Advantages of Wide Span of Control

The advantages of a wide span of control are as follows:

  • It is cost-effective and less expensive since the manager has lesser employees reporting to him.

  • All the employees work under a single manager.

  • Quicker decisions and faster actions can be taken.

  • Employees are more confident due to lesser control and supervision.

  • Employees have the freedom to work and more creative.

Limitations of Wide Span of Control

The limitations of a wide span of control are as follows:

  • It has ineffective levels of communication and is time-consuming.

  • Employees feel demotivated since it results in fewer opportunities for promotion.

  • It is difficult for the manager to monitor and control the activities of all the employees.

  • Inefficiency in job performance due to incorrect decisions taken by employees.

  • It brings down the productivity levels of employees.

Factors Affecting Span of Control

Ability of subordinates

When the subordinates are enough competent to complete the allotted work easily, the manager will not be required to give more attention to them and more subordinates can be supervised. But, when if subordinates are less competent, the manager will be required to devote more time for supervision and span of control will be narrow.

Degree of delegation

A manager who delegates more authority of taking decisions to his subordinates can supervise a greater number of subordinates and enlarge the span of control. But, if a manager keeps more authority of taking decisions with him can supervise a small number of subordinates.

Capability of supervisor

The qualities and qualifications of the supervisor affect the span of control to a great extent. If the supervisor is competent enough, he can easily supervise a large number of employees and span of control can be wider. In case when supervisor is new, less competent and has less administrative ability, the span of control will be narrow.

Age of the organization

The span of control is wider in old organizations than in newer organizations because in old organizations things get stabilized.

Nature of work

As the work is more routine, the span of control can be wide. The similarity and simplicity of functions can be tackled easily while if work is of complex nature, the supervisor‟s span of control will be narrow. So, nature of work determines the span of control.

Geographical Dispersion

If branches of a business are widely dispersed, then the manager will find it difficult to supervise each of them, as such the span on control will be smaller. A manager can supervise easily the work of a large number of subordinates, if they are located in one compact place.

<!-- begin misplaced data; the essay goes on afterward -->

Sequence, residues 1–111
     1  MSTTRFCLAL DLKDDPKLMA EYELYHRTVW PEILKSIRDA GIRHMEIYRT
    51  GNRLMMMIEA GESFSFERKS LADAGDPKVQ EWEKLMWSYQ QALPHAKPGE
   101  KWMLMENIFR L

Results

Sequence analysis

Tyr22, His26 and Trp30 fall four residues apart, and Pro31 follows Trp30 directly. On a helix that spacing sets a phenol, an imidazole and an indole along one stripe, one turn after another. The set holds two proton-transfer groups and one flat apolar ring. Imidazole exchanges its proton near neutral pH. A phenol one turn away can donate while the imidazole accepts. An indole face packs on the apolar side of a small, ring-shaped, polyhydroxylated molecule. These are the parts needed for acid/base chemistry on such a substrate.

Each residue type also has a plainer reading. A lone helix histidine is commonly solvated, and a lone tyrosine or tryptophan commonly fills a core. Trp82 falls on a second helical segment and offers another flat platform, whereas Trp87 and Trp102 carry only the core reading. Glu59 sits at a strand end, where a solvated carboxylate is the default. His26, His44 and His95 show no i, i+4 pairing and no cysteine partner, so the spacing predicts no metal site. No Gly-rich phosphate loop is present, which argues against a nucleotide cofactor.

Techniques of supervision

Supervision Techniques such as delegation, planning, programming, the use of staff specialists, etc., help extend a manager‟s span of control.

Span of control can be extended where the direction of operations is done more by goals and objectives rather than by an ever-present supervisor.Also, an administrator can broaden his span of control by the use of staff specialists who can provide another set of legs, eyes and ears for the executive.

Communication system

A well organized and sensitive proper communication system in an organization will make possible a larger span of control than power and ill-organized system of communication.

Use of standing plans

It reduces the workload of managers, as a result span of control increases considerably.

Use of communication technology

In modern times, because of the use of automation in administration, of control has widened. Further, the application of mechanization to such activities as accounting and computation work had increased the span of control.

Level of management

The higher the superior is in the organizational hierarchy, the narrower the span of control. Based on empirical studies, Newman suggested that executives in higher echelons should have a span of three to seven operating subordinates, whereas the optimum range for first-line supervisors of routine activities is usually from fifteen to twenty employees.

There are other factors such as well-defined authority and responsibility; availability of staff services; economic restrictions; superior-subordinates relationship; degree of centralization; a financial position of the organization; clarity of plans and responsibilities etc which also affect the span of control.